Monday, March 14, 2016

Crabby Marathon! Marvel Super Heroes Secret Wars Battleworld Box Set, Part Seven: Secret Wars II, Volume 4

 The second war concludes, but a third sneaks up on us like a thief in the night.....

 SECRET WARS II, VOLUME 4 collects the final five parts of SECRET WARS II, plus an epilogue, then gives us something that I didn't even know existed: Secret Wars 3. (!!!!)

 The book starts off with the uneven AMAZING SPIDER-MAN #274, which finds The Beyonder wagering humanity's future on Spider-Man's integrity. The art is credited, on the splash page, to Ron Frenz and Joe Rubenstein, but there's what appears to be a tacked-on credits box (Added for this collection? I'm not sure....) that throws Tom Morgan, James Fry, Russ Steffens, Jack Fury, and John Romita, Sr. into the art mix. This was a hot mess of a time for the wall-crawler, artistically...I dropped all of the Spider-books around this time because of all the terrible artwork-by-committee, and this issue is a prime example of that era. The story is all over the place, and really adds nothing new to the overly-long SECRET WARS II saga.

 Next up is THE AVENGERS #265, where The Beyonder finally throws down with Captain America and company. Good stuff from Roger Stern, John Buscema, and Tom Palmer.

 Another Chris Claremont soul-searcher comes next, with The X-Men trying to stop Rachel Summers from ending the universe to spite The Beyonder. I'm glad that I read these issues of UNCANNY X-MEN, so I remember to not buy any collections that go past UNCANNY #200.

 John Byrne's pencils look freakin' AMAZING with Joe Sinnott inking him, which makes the continuity-heavy FANTASTIC FOUR #288 much more palatable. This issue seems to have been crafted as a big "Eff you!" to SECRET WARS mastermind Jim Shooter, as Byrne spends the entirety of the issue picking apart and explaining away Shooter's Doctor Doom continuity gaffe from the first SECRET WARS mini-series.

 The end comes in a truly bizarre double-sized finale in SECRET WARS II #9, as The Beyonder BUILDS AN ARTIFICIAL WOMB SO HE CAN GIVE BIRTH TO HIMSELF AS A BABY BEYONDER. Yes, I just said that. The Beyonder gives birth to himself repeatedly, in an attempt to experience humanity, but is soon attacked by Marveldom assembled. Much fighting ensues, and the series finally comes to a fairly satisfying conclusion. But never fear, that conclusion would soon be shit upon in the pages of FANTASTIC FOUR.

 But first, THE AVENGERS #266 delivers an epilogue that wraps up all of Jim Shooter's loose ends from SECRET WARS II #9. All's well that ends well, until....

...FANTASTIC FOUR #'s 316-319, a story that I have never, ever heard of, probably for a very good reason. Written by Steve Englehart, who I have never been a fan of, these four issues exist seemingly for the sole purpose of shitting on Jim Shooter and his creation, The Beyonder. Englehart, in a recent issue of BACK ISSUE magazine, said (And I paraphrase...) that he was basically told to create a story that tore down The Beyonder and did away with him, because no one at Marvel liked the recently-deposed Shooter and wanted to wipe his character from existence. I'm not sure if this storyline accomplishes that goal, because I really didn't understand anything that happened in it, let alone what the ending meant, or what the point was.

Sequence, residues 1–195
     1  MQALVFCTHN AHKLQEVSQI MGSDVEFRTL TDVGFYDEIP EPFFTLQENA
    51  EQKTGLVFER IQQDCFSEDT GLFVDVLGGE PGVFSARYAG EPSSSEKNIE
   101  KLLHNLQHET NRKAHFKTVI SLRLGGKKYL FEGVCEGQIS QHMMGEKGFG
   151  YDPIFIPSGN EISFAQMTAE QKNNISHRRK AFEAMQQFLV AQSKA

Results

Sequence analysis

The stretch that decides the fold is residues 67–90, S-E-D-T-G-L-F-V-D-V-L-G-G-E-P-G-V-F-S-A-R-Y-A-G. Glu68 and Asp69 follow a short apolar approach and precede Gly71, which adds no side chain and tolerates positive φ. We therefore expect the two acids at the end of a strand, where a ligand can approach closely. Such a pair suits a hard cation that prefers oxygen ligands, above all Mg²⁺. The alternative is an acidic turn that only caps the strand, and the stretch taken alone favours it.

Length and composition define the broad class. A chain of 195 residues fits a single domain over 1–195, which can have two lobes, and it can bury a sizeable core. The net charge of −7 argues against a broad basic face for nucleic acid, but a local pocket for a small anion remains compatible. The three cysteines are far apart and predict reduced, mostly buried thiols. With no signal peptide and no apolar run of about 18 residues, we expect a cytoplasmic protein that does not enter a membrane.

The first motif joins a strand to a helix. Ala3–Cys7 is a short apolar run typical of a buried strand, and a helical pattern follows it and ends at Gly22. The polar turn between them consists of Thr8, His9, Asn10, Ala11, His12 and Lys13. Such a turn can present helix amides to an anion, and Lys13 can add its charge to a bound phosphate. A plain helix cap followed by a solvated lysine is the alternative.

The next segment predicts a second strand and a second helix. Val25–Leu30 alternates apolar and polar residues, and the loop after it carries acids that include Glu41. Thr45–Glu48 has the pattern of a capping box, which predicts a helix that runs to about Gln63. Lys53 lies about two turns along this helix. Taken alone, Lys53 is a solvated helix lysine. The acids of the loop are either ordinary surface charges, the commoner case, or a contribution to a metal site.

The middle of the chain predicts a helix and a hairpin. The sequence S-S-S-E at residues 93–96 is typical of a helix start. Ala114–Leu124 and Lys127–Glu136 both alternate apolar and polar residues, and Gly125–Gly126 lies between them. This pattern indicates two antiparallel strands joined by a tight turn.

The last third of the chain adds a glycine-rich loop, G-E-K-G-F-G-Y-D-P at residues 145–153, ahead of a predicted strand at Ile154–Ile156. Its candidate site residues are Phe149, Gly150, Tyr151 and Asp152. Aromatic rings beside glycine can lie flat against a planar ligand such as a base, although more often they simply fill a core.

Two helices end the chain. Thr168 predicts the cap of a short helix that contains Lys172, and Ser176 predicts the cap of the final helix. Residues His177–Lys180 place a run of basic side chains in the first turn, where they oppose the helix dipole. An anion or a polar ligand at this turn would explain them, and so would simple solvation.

The story starts out in the frozen wasteland that used to be The Savage land. The Fantastic Four (The Human Torch, a heavily-mutated Thing, who looks like a spiky potato, The Torch's old girlfriend, Crystal, and Ms. Marvel, who is basically a lumpy female Thing) rip up the ground and find, literally, the word BEYONDER in 100-foot-tall letters. This is never really explained, or at least I don't think it is, because I was confused and bored for most of this story's four issues. Seeing this giant word somehow makes The FF go into The Negative Zone, where they find themselves joined by Doctor Doom. They fight Blastaar for a minute, run afoul of A.I.M. for half-a-minute, and finally meet The Beyonder, and find out his true, shitty, origin. (At least until Brian Bendis shit on the shitting on, by giving The Beyonder a new, even shittier origin, which made even less sense than the first shitting-on.) I've never been a fan of Steve Englehart, and most of my memories of his books are just like this FF run: Packed-to-the-gills stories that seem to exist solely to patch up tiny continuity holes that no one cared about, often making things even more confusing in the process. I just closed this book, and I couldn't begin to tell you how The Beyonder came into being, or why Englehart and company felt the need to tell this story. Truly a dark era for "The World's Greatest Comic Magazine" least the art, by Keith Pollard and Joe Sinnott, brightens things up.

 Overall, a solid collection that features some uneven stories. Looking forward to the next volume, MARVEL SUPER HEROES SECRET WARS: AFTERMATH, which is all new to me.

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